Driven Movie Review
Written by Rachel Knightley
Released by Dead Leaf Productions
Directed by Glenn Payne
Written by Casey Dillard
2019, 90 minutes, Not Yet Rated
Frightfest International Premiere on 26th August 2019
Richard Speight Jr. as Roger
Jessica Harthcock as Nichole
Casey Dillard as Emerson
Glenn Payne as Jim
Cabbie Emerson Graham (writer Casey Dillard)’s passengers are great material for her comedy act, which she rehearses in the rear-view mirror between fares. Their infinite selfies and drunkenly slurred destinations – and especially her responses to them – have us firmly on her side and enjoying the ride before Richard Speight, Jr (Independence Day, Band of Brothers, Supernatural) has even hailed her cab.
Doing every kind of justice to every horror trope you can fit in a car, Speight’s animated, nervous energy as Roger is a pitch-perfect performance. He’s utterly involving when we think we’ve discovered that he’s a murderer as when we realise he is actually (no pun intended, fellow Supernatural fans) on the side of the angels. A gentle but joyous comedy-horror rollercoaster begins when Emerson realises the pair of them are all that stands between our world and its possession by the (“Sort, of, for want of a better word…”) demons that Roger is hunting.
Relying on talent not budget to tell the story, this confident script shines with understanding of comic timing and momentum. With sharp and thoughtful direction by Glenn Payne and cinematography by Michael Williams, Driven sends a clear message to bigger budgets about how fast and how well plots and character arcs can be communicated – not to mention how far a cloud of sage and the right musical score (Matt Steed) can take us in a fight scene. There is blood, there is aromatherapy. All are well-applied.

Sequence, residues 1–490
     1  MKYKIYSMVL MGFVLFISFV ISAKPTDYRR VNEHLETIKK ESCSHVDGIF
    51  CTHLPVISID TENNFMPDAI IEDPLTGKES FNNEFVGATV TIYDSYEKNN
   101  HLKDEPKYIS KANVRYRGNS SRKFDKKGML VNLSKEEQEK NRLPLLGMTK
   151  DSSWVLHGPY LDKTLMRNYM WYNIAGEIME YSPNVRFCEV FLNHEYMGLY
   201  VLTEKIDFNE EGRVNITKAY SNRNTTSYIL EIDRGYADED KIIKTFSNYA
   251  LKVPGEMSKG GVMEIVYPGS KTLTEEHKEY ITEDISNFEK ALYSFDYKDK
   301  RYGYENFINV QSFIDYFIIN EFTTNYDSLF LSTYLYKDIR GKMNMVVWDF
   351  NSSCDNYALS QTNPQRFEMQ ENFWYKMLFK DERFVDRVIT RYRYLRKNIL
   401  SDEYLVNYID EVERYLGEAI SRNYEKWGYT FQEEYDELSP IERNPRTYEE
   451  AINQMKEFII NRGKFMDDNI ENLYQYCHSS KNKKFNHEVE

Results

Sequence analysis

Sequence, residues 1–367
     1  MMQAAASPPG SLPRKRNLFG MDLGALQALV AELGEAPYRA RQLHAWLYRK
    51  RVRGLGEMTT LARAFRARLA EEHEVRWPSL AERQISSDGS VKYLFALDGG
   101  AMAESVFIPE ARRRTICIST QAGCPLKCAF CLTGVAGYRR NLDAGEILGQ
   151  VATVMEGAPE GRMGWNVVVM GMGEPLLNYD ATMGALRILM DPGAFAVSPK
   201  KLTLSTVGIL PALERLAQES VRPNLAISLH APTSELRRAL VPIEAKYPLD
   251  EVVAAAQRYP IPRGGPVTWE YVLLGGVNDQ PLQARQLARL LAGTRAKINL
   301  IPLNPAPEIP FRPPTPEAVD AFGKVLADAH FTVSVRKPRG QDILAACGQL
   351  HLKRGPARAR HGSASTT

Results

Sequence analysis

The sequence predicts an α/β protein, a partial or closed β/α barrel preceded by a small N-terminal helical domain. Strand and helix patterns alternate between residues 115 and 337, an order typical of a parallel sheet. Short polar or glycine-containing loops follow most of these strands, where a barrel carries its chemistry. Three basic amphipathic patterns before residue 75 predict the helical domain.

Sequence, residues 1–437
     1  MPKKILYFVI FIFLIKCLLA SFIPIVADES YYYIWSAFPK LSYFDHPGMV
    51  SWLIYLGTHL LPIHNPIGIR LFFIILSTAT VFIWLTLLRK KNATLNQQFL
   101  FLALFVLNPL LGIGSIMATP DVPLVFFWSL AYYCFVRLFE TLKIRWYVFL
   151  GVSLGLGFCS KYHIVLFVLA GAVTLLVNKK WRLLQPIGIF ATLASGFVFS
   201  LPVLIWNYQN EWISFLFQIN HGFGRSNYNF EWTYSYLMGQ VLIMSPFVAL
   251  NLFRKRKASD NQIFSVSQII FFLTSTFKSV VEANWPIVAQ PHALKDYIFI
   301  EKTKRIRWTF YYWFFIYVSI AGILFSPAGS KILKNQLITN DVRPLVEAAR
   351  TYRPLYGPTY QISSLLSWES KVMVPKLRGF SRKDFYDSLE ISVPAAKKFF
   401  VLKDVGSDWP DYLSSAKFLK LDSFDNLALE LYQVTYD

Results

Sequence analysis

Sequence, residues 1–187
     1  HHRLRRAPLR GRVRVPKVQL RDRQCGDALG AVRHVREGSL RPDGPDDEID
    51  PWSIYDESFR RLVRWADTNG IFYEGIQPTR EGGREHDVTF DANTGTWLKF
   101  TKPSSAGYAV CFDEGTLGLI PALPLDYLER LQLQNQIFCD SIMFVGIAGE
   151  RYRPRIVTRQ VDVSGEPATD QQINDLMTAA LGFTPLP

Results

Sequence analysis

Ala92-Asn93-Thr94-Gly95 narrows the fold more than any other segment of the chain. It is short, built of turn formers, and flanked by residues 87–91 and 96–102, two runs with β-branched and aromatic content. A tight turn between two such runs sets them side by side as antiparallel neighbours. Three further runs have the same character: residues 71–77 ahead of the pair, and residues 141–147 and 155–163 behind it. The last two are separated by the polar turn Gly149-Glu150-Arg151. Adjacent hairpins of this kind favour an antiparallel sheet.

Dillard has described her concept in interviews as “Collateral meets Fallen” but it’s just as tempting to say Supernatural meets Friends – and not in a way that’s going to let down horror fans. The chemistry between Dillard and Speight makes for a complex and believable friendship, not least because we’re given enough knowledge of Roger’s family curse that led him to the hunt, and the fears holding Emerson back from her career goals, to understand their drives but never to lose momentum on the journey. Any potential sexual dynamic between the two is mutually and gradually defused as two 3D personalities emerge and evolve in response to each other.
Samantha McLarty is a truly ominous and memorable “demon-for-want-of-a-better-word”; although not seen for long, she achieves in each of her appearances an understated level of creepiness that bubbles under the storyline, and her performance contributes massively to the atmosphere and, in turn, to helping push the balance in favour of horror over comedy. Maddie Ludt as Emerson’s ex, Jess, has more of an uphill battle in the single key scene for which she appears. Strangely, this is the only example of dialogue not successfully written to fully inhabit character. Her speeches make strong, eloquent points about courage, drive and relationships, but sadly not as naturalistic dialogue – and this is all the more glaring as the essayish monologue is supposed to take place during a conversation when Jess is drunk. Given how sparkly the exchanges between Emerson and Roger are throughout, this lesser physical and emotional chemistry between Emerson and the ex-girlfriend she ostensibly still has feelings for is unconvincing by comparison as well as on its own terms. Luckily, by the time we reach this scene, which may be the heart what Driven wants to say, it has created laurels enough to rest on that we take the ideological points on board even where that one scene has allowed the action to ebb.
Hitting almost all its targets, Driven is economical, elegant and intriguing from the start, with script and production values that make you feel in safe hands to be very afraid. You will probably scream, you will certainly laugh, you will definitely care.
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